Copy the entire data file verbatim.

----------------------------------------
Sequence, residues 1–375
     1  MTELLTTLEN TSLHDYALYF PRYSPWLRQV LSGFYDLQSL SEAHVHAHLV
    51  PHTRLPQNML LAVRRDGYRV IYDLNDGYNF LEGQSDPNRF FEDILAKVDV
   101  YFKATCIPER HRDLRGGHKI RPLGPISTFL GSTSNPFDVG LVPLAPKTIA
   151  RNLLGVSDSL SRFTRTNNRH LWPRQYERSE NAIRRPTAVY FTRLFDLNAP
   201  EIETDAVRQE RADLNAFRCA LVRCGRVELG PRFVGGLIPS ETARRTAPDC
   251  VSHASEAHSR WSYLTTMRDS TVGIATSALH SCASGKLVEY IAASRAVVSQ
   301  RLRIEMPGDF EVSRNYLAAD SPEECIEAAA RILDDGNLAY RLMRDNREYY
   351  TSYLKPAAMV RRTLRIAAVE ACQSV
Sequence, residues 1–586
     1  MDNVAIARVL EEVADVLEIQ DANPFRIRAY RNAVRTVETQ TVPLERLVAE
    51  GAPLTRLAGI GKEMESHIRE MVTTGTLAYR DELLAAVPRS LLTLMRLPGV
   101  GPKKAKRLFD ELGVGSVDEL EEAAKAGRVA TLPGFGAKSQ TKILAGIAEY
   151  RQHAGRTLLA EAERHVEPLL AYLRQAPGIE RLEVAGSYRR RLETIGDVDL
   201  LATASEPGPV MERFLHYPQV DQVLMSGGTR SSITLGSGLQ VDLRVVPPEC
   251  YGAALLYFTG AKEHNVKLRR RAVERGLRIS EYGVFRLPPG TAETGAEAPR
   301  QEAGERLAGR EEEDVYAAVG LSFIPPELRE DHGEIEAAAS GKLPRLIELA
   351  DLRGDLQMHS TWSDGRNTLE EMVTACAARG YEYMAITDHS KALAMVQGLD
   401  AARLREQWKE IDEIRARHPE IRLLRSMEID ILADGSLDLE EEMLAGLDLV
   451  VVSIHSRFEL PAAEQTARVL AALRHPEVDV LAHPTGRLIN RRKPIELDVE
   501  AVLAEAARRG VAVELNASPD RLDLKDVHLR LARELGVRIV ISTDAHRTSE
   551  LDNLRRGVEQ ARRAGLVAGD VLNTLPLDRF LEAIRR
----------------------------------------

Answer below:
Sequence, residues 1–375
     1  MTELLTTLEN TSLHDYALYF PRYSPWLRQV LSGFYDLQSL SEAHVHAHLV
    51  PHTRLPQNML LAVRRDGYRV IYDLNDGYNF LEGQSDPNRF FEDILAKVDV
   101  YFKATCIPER HRDLRGGHKI RPLGPISTFL GSTSNPFDVG LVPLAPKTIA
   151  RNLLGVSDSL SRFTRTNNRH LWPRQYERSE NAIRRPTAVY FTRLFDLNAP
   201  EIETDAVRQE RADLNAFRCA LVRCGRVELG PRFVGGLIPS ETARRTAPDC
   251  VSHASEAHSR WSYLTTMRDS TVGIATSALH SCASGKLVEY IAASRAVVSQ
   301  RLRIEMPGDF EVSRNYLAAD SPEECIEAAA RILDDGNLAY RLMRDNREYY
   351  TSYLKPAAMV RRTLRIAAVE ACQSV
Sequence, residues 1–586
     1  MDNVAIARVL EEVADVLEIQ DANPFRIRAY RNAVRTVETQ TVPLERLVAE
    51  GAPLTRLAGI GKEMESHIRE MVTTGTLAYR DELLAAVPRS LLTLMRLPGV
   101  GPKKAKRLFD ELGVGSVDEL EEAAKAGRVA TLPGFGAKSQ TKILAGIAEY
   151  RQHAGRTLLA EAERHVEPLL AYLRQAPGIE RLEVAGSYRR RLETIGDVDL
   201  LATASEPGPV MERFLHYPQV DQVLMSGGTR SSITLGSGLQ VDLRVVPPEC
   251  YGAALLYFTG AKEHNVKLRR RAVERGLRIS EYGVFRLPPG TAETGAEAPR
   301  QEAGERLAGR EEEDVYAAVG LSFIPPELRE DHGEIEAAAS GKLPRLIELA
   351  DLRGDLQMHS TWSDGRNTLE EMVTACAARG YEYMAITDHS KALAMVQGLD
   401  AARLREQWKE IDEIRARHPE IRLLRSMEID ILADGSLDLE EEMLAGLDLV
   451  VVSIHSRFEL PAAEQTARVL AALRHPEVDV LAHPTGRLIN RRKPIELDVE
   501  AVLAEAARRG VAVELNASPD RLDLKDVHLR LARELGVRIV ISTDAHRTSE
   551  LDNLRRGVEQ ARRAGLVAGD VLNTLPLDRF LEAIRR